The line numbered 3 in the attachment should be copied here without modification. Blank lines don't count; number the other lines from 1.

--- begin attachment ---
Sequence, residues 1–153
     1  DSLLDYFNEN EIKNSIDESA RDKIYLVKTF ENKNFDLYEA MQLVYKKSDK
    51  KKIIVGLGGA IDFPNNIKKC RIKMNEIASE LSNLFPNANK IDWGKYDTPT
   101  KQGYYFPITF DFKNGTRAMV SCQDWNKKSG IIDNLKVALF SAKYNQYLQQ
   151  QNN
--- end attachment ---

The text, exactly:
    51  KKIIVGLGGA IDFPNNIKKC RIKMNEIASE LSNLFPNANK IDWGKYDTPT